Where do I find said items, you ask? Well it doesn’t really matter.  I take things (with permission)  from my friend’s “to-go” piles next to their dustbins, I scavenge the left over-anythings from gigs, the side of the road, and my mom’s house.  I do not have one power tool to my name, but  one day I feel I would like to create all my furniture from scrap.  Never mind the fact that I will then need to re-repurpose my current furniture.

My wardrobe also takes up a helluva lot of space.  Not because I’m a fashionista, but because I still have t-shirts, skirts, belts and shorts from my youth.  Impressive that a ‘bordering-on-30-year-old’ can still wear clothes from her mid-teens?  Only slightly.  But maybe not so impressive is the fact that a ‘bordering-on-30-year-old’ is still rocking up in the atrocities and fashion crimes of the entire 90s era.  I’m experiencing true enlightenment here, bear with me.

Other clothing that I hoard includes items that I cannot actually fit into any more and perhaps it’s because I hang onto a time when I didn’t have to suck-it-in/lie down/safety pin myself into certain lower sizes.  Let’s face it, these hips have never lied and the chances of them shrinking at this stage of my life are absolutely impossible.

Socks and jerseys with holes also stay safe just in case my slumbering darner awakes.  I don’t yet even know the ins and outs of darning and to be fair there is a very blurred space in my head when I think of the borders between sewing, crocheting and darning.

This “maybe one day I will…” mentality extends to my urge to be an up-cycling ambassador.  If I could transform my stuff into working and pretty goodies, then I would be one happy, green camper.  The problem is that it takes me a lengthy amount of time to conceptualise a ‘new-old item’ from an ‘old-old item’.

Only once in a very blue moon do I take the metal scraps from the bottom of a fridge and transform them into a mounted filing system.

It is also rare when I actually use the kept empty coffee jars and create a magnificent gift holder.

The fact of the matter is that I collect junk at a faster rate than I transform it.

Deep down inside I’ve always known the answer to my problem, but for the time being I will present one final case for pro-hoarding.

Every time I do bring myself to trash an item, the very next day I find myself in the situation when I need that same blasted what’sit.

Anyway, the bits and bobs that make up my fantastic cabinet of clutter, have actually started to bother me and this mentally outweighs any of my reasons for keeping the junk.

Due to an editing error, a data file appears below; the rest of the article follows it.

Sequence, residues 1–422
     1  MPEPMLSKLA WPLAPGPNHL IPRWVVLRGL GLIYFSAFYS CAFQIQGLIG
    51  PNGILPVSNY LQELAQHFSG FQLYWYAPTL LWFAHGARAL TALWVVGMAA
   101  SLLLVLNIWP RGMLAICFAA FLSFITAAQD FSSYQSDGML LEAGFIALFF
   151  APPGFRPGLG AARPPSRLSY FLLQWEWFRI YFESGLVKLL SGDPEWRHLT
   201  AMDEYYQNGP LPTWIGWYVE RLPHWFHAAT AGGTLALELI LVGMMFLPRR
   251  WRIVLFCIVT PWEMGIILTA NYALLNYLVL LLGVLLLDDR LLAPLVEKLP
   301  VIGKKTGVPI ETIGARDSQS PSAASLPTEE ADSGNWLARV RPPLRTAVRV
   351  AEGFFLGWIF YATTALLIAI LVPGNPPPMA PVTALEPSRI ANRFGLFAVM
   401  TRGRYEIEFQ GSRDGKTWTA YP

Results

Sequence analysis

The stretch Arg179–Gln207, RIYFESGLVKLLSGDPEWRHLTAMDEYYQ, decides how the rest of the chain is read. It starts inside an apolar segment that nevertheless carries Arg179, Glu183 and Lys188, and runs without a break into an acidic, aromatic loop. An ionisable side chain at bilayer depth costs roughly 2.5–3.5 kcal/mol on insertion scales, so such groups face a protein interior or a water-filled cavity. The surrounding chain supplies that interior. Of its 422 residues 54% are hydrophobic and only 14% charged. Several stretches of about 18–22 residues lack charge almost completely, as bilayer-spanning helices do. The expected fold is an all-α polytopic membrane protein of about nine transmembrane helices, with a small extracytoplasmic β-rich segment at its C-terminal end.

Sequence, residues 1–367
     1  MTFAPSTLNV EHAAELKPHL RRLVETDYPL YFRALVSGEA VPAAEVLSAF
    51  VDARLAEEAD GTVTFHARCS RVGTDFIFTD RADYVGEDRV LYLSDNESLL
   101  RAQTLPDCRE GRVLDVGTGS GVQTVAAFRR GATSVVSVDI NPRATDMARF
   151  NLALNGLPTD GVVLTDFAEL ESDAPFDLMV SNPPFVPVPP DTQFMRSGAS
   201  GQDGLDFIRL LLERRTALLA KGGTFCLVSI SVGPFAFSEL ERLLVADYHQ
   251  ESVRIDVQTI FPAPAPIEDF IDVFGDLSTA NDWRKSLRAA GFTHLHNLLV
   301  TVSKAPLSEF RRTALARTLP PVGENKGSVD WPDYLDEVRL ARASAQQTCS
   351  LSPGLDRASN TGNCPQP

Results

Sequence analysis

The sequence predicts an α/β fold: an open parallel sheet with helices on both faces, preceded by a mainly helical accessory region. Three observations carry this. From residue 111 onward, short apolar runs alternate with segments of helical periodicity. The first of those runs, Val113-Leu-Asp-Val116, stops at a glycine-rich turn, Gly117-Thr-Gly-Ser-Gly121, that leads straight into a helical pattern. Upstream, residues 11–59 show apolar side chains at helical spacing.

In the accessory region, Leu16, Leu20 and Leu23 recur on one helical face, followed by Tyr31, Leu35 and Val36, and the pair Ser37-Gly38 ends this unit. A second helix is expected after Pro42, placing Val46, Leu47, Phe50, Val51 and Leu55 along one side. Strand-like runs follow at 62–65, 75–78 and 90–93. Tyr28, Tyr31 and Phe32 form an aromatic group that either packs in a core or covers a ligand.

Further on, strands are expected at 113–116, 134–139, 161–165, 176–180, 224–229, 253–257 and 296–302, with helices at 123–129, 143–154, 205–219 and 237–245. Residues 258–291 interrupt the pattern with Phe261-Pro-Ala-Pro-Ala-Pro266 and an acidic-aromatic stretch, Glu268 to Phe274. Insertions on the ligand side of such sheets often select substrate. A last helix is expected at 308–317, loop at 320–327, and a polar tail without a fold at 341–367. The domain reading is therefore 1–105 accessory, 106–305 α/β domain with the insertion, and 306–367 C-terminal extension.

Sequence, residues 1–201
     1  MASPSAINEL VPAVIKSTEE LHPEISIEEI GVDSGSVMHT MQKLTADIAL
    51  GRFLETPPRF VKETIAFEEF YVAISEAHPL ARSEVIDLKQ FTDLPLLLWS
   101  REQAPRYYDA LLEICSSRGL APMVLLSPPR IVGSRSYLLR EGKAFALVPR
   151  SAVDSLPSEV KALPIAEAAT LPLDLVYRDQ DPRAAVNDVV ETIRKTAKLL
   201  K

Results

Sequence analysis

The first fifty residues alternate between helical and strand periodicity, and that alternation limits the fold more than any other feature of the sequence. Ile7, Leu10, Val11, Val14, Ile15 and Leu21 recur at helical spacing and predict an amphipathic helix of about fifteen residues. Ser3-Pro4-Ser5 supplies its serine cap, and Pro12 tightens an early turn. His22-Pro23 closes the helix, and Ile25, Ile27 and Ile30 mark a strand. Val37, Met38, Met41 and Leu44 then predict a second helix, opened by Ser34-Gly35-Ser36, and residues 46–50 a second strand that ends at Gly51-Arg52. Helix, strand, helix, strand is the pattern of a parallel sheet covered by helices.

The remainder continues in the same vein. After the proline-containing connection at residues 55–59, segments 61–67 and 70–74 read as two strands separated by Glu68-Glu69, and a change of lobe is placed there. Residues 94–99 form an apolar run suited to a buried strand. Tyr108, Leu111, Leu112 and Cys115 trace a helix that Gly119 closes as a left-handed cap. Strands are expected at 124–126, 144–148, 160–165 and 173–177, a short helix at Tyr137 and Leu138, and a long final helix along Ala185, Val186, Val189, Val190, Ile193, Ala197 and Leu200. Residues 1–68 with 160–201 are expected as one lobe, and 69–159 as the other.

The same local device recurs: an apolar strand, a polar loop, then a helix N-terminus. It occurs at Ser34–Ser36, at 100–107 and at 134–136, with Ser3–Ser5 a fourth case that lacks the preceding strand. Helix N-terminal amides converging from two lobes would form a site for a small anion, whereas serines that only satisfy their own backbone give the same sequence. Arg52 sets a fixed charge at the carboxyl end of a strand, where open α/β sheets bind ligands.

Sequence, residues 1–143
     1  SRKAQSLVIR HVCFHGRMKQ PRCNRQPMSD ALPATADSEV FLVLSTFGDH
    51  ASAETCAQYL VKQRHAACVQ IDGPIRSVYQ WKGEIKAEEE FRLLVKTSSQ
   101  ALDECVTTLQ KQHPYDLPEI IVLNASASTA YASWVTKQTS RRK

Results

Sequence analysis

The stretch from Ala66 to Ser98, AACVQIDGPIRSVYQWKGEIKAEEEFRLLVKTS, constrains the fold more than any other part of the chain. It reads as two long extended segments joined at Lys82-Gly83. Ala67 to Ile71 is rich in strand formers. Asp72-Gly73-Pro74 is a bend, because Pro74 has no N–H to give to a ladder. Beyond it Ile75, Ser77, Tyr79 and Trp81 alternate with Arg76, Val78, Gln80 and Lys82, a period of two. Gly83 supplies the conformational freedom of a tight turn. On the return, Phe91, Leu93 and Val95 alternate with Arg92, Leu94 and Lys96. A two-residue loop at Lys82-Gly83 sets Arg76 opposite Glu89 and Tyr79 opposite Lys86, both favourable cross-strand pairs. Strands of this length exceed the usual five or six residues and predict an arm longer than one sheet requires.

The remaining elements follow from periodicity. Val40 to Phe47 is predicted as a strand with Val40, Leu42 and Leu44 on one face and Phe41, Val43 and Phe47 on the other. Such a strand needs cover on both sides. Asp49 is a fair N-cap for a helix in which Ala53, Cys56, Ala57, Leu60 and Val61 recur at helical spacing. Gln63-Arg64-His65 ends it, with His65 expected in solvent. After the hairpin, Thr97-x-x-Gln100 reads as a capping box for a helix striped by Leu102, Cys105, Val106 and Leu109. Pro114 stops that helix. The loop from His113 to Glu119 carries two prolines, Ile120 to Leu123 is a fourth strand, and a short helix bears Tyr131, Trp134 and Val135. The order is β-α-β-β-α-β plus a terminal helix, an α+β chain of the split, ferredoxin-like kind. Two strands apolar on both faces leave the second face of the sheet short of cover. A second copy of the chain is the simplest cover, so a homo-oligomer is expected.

It became so clear to me the other day (and I’m not the first person to say something like this):

“What if I never came across another awesome skirt that I could customise with a beautiful piece of lace (from my mom’s cabinet of clutter) because I could not let my now tattered skirt, that was awesome-of-yesteryear, go?”


And it was this dropped penny that caused me to finally gather up:

  • the two dilapidated couches on the patio (dilapidated because I had ripped off the fabric and taken off the arms, lost momentum and left the single-seaters to rot in the rain)
  • the clothes I had not worn for more than a year
  • all my skew-soled shoes
  • the semi working egg whisk
  • the wonky can opener
  • the computer keys
  • the milligrams of all my hand creams
  • the left over candle wax (clearly I was never going to melt it down and make one huge candle)

I threw away what needed to be thrown and I gave away what someone less fortunate would use.

The point is, I released myself from an annoying (mostly for baby because he also tries to live in this house with me) and insecure habit.

I tossed it!

Being free from unnecessary clutter beat the anxiety and that is where I found some Ohm.

The name’s Cake Anderson.

 This last push towards the end of the corporate eventing year is always a long drawn out and tough one. It goes without saying, you work so hard and you pull so many rabbits out of a bevy of fascinators and yet you still don’t seem to reap any rewards. You dance on the verge of trading in your soul because deadlines threaten to gobble you up. You feel out of control and you can’t see any value in the slog because the final products are not quite done yet, hence the push.

By the time last weekend came (the first weekend I had had in a long time). I needed to realign my inner Zen and to make a significant impact on the timeline of my life. I was craving instant gratification. And so, I pulled out our new pie tins because I was about to show the world what action and reaction looked like.

I was about to make my version of a great vegetarian pie. Watch out pastry chefs of the world, you with your reputations of how you defy gravity and such when you bake a gooey substance and it transforms into a light and airy tart/pastry/puff/etc. The point is: how hard could it be? I was dedicated and I was seeking finite results, forget a need for a seemingly never ending vision, I was about an hour away from being a part of greatness.

So I started to mix the ingredients together (technically I didn’t have a recipe as I had not thought that through, I simply took the instructions that the pie tin manufacturers had generously placed on their packaging). Once the mixture was clinging to me right up to my elbow, I remembered how my granny had rolled her mixtures with a rolling pin and on a plastic sheet. I looked for something that vaguely resembled a rolling pin but then got caught up in a tussle with the mixture. I was adamant not to let this get the better of me, and I definitely would not let the mixture in on the fact that I didn’t really know what I was doing yet. Yet.